Teaching hospitals in U.S. are expensive, but have lower death rates

Academic medical centers, increasingly spurned by insurers for being more expensive than community hospitals, appear to have lower death rates for older adults than other facilities, a U.S. study suggests.

Researchers reviewed millions of records for patients aged 65 and older and insured by Medicare, the U.S. health program for the elderly. They found 8.3 percent of patients died within 30 days of hospitalization at major teaching hospitals, compared with 9.2 percent at minor teaching hospitals and 9.5 percent at community hospitals.

“We found, to our surprise, that across a wide range of medical and surgical conditions, patients at teaching hospitals did better - they were less likely to die,” said senior study author Dr. Ashish Jha of the Harvard T.H. Chan School of Public Health in Boston.

“While mortality may not be the only indicator that matters, it certainly is the most important one,” Jha said by email. “We know that short term mortality is driven largely by how well the hospital does in taking care of patients.”

Academic medical centers are often considered more expensive than community hospitals and some insurers have excluded teaching hospitals from their networks in an attempt to control costs, assuming that quality is comparable, Jha and colleagues note in JAMA.

For the study, researchers reviewed records from 21.4 million hospitalizations at 4,483 hospitals nationwide. This included 250 facilities designated as major teaching hospitals with membership in the Council of Teaching Hospitals, 894 hospitals with medical school affiliations designated as minor teaching hospitals, and 3,339 community hospitals.

When researchers looked at hospitals by size, they found teaching hospitals had lower death rates than non-teaching hospitals when the facilities were large, with at least 400 beds, and medium-sized, with 100 to 399 beds.

Among small hospitals with 99 or fewer beds, minor teaching hospitals had lower death rates than community hospitals, the study also found.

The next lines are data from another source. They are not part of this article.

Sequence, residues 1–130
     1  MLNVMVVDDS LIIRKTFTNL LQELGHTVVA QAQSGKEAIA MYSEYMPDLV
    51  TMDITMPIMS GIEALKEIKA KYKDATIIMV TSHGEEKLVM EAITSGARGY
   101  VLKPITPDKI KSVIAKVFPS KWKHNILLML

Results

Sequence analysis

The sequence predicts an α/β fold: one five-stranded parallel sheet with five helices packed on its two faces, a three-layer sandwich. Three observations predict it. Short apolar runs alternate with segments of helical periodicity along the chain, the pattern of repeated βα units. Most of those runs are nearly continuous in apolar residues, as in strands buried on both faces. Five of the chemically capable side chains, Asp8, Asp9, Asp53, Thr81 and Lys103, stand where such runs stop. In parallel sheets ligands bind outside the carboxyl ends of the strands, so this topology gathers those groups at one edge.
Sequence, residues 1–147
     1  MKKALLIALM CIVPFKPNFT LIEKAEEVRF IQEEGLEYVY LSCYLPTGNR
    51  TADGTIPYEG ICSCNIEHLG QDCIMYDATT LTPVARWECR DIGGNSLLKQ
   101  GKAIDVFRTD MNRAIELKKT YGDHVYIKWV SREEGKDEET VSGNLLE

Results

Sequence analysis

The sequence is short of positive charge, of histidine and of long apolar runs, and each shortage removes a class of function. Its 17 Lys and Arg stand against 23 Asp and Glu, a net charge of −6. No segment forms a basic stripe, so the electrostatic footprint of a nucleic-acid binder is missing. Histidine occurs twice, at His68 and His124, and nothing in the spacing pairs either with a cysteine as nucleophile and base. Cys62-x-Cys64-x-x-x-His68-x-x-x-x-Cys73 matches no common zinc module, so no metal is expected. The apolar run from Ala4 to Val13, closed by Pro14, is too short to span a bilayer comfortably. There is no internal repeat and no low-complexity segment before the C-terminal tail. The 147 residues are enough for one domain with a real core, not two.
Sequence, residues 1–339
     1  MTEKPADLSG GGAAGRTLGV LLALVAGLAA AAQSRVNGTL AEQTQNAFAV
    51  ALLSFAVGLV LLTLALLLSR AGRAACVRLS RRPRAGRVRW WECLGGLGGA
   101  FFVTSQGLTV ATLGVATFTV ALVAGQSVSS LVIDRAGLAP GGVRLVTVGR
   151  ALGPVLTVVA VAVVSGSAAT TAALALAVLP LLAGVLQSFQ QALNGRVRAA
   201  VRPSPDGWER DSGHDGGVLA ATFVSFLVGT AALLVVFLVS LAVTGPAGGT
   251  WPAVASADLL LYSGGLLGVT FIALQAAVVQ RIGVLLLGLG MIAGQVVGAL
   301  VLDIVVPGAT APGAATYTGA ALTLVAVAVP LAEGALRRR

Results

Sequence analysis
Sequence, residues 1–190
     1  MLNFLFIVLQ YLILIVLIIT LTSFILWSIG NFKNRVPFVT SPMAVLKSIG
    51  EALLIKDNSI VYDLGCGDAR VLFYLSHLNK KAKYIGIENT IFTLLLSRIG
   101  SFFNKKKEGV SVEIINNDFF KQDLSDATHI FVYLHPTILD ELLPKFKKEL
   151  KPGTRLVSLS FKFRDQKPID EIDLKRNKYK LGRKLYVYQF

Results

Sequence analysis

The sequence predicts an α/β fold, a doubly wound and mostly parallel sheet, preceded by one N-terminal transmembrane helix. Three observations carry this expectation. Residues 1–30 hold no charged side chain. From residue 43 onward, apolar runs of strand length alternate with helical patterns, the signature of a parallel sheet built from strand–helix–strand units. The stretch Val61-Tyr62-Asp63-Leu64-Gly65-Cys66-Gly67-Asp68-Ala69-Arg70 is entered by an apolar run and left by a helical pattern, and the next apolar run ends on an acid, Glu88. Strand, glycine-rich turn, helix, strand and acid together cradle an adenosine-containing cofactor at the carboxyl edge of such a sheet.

Teaching hospitals still had lower death rates after researchers accounted for differences in the patients at the various hospital types, and for other characteristics of the hospitals themselves.

One limitation of the study is that it only included certain Medicare patients, and the results might not be representative of what death rates would look like for people at other ages or with other types of insurance, the authors note.

The lower death rates for teaching hospitals are surprising for two reasons, said Dr. Vineet Arora of the University of Chicago: they have more doctors in training who might make more mistakes than seasoned physicians and they often treat patients too sick or badly injured to get care at community hospitals who are more likely to die.

“The fact that we did not see this is reassuring,” Arora, who wasn’t involved in the study, said by email.

It’s possible, too, that the added supervision trainees receive ensures that physicians are available around the clock when emergencies arise or patients deteriorate, improving mortality rates by saving patients who might otherwise have died, said Dr. Karl Bilimoria of Northwestern University Feinberg School of Medicine in Chicago.

“This study is critically important in that it shows lower mortality rates at teaching hospitals, thus demonstrating that care is quite safe at major academic centers even when trainees are involved,” Bilimoria, who wasn’t involved in the study, said by email.

“Mortality is the bottom line of health care,” Bilimoria added. “It is critically important and it is also a very fair and well-done metric, so patients should have more faith in that measure of hospital quality than many others.”

SOURCE: JAMA, May 23, 2017.